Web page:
Throughout the weekend, my thoughts kept returning to something Stanley Hauerwas wrote after September 11, 2001.  He said that the horror of that day “requires a kind of silence.”

We desperately want to “explain” what happened. Explanation domesticates terror, making it part of “our” world. I believe attempts to explain must be resisted. Rather, we should learn to wait before what we know not, hoping to gain time and space sufficient to learn how to speak without lying.

Edward Blum strikes a similar note, reflecting on responses to the death of his young son:

Reverend Walton’s text message to me after my son’s death is the only one I have kept: it reads simply, “sigh.” He knew as a father and as a brother that this was not the time to counsel.

It’s impossible to know how to respond to what happened in Newtown, CT.  Desires to explain, to blame, or to speak in other ways can be overwhelming.

Silence, however, may be the best course for now.  Not the silence of resignation or inaction, but the kind that creates space to know how to speak.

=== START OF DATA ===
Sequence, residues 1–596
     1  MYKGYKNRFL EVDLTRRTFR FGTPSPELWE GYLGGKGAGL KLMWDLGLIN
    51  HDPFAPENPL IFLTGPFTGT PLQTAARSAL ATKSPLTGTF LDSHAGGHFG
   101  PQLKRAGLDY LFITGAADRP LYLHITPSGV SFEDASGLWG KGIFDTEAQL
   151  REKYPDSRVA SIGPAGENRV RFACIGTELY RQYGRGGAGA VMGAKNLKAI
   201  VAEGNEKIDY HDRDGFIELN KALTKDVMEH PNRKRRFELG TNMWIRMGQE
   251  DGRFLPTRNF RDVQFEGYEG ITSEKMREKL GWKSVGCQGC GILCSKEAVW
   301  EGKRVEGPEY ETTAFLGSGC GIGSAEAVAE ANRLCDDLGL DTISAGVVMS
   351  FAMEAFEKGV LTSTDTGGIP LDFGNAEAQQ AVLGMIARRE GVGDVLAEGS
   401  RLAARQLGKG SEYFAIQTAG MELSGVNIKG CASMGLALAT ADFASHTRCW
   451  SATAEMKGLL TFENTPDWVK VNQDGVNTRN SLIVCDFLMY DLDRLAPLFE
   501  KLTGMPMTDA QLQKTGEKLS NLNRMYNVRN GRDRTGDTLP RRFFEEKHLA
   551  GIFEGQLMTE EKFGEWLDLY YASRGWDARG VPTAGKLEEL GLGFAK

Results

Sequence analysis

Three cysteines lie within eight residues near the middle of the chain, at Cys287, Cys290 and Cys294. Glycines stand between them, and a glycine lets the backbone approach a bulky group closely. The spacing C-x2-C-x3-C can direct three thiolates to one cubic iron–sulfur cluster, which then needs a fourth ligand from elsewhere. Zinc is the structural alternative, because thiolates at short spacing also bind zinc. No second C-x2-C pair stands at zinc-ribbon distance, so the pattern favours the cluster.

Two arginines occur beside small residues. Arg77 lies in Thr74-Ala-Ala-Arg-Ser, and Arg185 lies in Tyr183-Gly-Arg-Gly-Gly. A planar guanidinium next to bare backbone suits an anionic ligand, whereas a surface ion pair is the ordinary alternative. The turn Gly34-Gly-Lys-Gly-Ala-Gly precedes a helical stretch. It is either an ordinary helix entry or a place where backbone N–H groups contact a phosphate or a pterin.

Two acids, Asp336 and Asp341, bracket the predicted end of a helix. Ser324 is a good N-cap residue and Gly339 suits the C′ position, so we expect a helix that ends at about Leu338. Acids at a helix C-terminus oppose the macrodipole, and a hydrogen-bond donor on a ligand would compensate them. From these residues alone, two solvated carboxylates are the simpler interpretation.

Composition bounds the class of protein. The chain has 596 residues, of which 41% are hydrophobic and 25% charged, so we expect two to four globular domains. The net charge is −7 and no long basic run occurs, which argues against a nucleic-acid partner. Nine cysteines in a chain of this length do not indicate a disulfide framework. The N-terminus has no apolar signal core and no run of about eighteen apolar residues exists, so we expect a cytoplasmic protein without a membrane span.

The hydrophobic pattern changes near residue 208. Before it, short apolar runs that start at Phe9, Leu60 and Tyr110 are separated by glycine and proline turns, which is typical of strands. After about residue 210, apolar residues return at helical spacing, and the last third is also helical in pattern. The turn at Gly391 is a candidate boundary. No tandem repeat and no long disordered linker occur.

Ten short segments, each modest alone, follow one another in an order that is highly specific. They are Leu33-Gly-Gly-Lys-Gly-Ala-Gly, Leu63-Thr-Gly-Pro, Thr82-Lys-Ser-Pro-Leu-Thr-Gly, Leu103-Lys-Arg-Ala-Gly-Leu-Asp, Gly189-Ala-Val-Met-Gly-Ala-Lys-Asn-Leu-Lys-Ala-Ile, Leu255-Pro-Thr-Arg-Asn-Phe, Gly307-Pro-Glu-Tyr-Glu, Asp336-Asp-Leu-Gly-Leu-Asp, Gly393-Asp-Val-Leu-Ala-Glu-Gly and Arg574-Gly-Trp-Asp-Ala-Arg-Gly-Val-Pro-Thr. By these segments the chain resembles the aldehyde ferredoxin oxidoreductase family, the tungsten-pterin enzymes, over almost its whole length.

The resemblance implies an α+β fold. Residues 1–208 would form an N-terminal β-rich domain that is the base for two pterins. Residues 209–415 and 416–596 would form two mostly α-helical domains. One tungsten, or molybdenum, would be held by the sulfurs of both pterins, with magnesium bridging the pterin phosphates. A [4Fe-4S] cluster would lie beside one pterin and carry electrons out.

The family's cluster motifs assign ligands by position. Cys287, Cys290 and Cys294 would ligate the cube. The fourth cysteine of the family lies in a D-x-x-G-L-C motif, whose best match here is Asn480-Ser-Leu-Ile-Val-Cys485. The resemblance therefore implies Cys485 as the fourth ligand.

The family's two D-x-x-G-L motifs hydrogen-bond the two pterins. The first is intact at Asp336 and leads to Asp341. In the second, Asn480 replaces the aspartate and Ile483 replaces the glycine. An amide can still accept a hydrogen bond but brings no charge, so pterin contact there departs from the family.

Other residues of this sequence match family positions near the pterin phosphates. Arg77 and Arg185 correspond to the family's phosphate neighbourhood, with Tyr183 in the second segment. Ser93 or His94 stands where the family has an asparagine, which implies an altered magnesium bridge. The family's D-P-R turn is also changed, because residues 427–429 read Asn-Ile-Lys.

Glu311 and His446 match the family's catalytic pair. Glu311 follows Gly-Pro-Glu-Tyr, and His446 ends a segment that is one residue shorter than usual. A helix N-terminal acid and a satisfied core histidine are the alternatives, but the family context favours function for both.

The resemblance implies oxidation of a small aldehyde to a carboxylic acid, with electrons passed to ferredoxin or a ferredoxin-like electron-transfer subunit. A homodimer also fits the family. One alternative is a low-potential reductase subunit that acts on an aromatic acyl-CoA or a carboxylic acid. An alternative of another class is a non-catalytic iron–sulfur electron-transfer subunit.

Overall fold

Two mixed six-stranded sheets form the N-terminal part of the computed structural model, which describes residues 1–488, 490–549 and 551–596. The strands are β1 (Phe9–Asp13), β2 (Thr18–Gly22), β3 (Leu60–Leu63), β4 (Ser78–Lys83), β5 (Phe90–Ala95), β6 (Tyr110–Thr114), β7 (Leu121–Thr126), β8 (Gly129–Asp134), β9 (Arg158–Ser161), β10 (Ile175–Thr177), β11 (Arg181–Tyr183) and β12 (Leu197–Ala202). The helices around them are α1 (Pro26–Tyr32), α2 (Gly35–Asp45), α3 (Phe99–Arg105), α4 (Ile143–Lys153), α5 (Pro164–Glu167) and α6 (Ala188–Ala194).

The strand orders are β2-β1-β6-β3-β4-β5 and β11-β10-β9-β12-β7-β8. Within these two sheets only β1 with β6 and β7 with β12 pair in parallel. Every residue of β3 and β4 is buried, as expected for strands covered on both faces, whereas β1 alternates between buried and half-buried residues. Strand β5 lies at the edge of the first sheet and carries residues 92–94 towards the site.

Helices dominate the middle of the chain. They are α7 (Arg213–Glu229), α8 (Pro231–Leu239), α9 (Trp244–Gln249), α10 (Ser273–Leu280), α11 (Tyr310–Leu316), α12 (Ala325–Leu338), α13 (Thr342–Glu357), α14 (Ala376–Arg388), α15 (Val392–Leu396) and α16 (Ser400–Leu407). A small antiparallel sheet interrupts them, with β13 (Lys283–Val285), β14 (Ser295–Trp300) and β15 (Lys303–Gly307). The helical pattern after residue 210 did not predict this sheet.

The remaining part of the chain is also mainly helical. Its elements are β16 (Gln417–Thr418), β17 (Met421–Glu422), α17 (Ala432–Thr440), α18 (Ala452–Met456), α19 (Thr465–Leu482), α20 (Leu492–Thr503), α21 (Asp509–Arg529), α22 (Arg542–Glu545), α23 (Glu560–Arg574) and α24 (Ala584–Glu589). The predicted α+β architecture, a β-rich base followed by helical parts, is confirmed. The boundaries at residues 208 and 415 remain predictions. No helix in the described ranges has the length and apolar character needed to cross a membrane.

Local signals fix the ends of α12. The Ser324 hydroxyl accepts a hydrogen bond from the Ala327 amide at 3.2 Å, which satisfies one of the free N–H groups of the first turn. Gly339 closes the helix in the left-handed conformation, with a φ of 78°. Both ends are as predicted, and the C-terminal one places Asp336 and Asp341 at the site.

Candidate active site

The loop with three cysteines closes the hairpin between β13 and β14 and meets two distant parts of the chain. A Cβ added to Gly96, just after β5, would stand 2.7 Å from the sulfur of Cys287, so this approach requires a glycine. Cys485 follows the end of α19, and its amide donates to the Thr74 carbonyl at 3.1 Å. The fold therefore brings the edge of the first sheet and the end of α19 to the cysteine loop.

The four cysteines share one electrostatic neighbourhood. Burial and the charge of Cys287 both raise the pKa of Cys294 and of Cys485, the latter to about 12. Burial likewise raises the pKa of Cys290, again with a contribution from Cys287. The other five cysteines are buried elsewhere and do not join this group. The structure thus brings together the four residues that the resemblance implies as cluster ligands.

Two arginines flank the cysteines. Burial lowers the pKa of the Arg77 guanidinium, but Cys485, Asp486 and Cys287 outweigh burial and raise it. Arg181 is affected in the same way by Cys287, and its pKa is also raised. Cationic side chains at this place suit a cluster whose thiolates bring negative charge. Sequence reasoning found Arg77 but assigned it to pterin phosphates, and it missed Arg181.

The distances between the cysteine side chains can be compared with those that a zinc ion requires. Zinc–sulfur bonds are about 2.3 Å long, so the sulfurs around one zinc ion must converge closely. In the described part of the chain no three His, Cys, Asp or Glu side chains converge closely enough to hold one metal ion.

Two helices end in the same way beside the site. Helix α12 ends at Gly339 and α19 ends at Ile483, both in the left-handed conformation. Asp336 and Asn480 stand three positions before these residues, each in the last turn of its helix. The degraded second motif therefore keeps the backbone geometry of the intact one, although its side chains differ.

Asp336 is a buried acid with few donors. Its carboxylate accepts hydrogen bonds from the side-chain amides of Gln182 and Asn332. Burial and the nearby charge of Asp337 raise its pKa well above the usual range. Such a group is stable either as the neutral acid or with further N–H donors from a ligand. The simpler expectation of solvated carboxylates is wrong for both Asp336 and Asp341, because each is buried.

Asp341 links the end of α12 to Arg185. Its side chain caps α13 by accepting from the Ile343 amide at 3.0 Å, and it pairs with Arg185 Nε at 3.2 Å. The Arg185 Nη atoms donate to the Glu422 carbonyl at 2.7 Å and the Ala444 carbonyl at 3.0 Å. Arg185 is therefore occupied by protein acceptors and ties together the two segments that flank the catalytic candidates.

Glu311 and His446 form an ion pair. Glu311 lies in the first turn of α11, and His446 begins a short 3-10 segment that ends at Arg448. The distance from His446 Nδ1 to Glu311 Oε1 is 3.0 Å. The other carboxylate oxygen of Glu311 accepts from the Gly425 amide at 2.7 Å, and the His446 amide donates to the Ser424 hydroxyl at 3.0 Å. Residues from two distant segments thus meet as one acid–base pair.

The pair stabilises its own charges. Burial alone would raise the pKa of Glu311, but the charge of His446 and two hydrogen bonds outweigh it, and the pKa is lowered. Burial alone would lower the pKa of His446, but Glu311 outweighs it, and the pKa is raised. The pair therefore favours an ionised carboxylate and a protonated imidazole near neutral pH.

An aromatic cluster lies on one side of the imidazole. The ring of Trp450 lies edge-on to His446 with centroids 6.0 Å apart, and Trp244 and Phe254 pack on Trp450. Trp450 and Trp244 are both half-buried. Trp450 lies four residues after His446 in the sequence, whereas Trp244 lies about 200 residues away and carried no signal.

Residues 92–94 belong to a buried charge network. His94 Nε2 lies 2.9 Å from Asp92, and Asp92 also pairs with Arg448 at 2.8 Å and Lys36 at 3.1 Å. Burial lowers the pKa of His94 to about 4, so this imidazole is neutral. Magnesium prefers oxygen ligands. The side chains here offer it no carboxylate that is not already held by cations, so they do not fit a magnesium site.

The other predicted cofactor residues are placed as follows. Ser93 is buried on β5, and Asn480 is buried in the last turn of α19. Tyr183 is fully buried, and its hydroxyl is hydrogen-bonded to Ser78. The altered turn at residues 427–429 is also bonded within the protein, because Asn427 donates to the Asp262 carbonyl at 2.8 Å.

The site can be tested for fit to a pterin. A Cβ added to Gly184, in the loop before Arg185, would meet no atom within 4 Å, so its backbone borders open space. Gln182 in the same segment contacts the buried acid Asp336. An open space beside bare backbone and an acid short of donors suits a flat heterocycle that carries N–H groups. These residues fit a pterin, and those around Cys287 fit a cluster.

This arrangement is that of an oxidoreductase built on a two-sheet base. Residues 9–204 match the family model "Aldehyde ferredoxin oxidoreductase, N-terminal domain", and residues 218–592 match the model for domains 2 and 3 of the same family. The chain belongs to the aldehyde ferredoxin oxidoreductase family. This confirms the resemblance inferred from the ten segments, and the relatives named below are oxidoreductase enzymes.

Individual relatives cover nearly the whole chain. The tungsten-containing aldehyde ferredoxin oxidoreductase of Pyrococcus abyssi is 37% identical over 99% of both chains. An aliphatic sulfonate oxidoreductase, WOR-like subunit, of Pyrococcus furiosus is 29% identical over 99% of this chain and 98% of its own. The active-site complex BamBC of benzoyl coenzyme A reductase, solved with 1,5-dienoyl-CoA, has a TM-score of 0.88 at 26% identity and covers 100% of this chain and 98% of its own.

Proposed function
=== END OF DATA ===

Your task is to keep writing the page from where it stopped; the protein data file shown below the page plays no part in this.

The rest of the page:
6 thoughts on “Silence

  1. Michael DeFazio

    Thank you so much for these quotes and thoughts. I’ve been in some conversations trying to speak of how God can redeem this, and while I firmly believe he can/will/is, to guess at what specific goods somehow make sense of such senselessness feels cheap and wrong. I appreciate your silence.

    1. timgombis

      Cheers, Michael. It just seems there are so many words and our speaking inevitably falls into well-established patterns that end up somehow . . . diminishing what’s happened.

  2. Danny Mortensen

    I think of David Bentley Hart’s little book ‘The Doors of the Sea’ (written about the tsunami from 8 years ago)–

    “Considering the scope of the catastrophe, and of the agonies and sorrows it had visited upon so many, we should probably have all remained silent for awhile. The claim to discern some greater meaning–or, for that matter, meaninglessness–behind the contingencies of history and nature is both cruel and presumptuous at such times. Pious platitudes and words of comfort seem not only futile and banal, but almost blasphemous; metaphysical disputes come perilously close to mocking the dead. There are moments, simply said, when we probably ought not to speak. But, of course, we must speak.”

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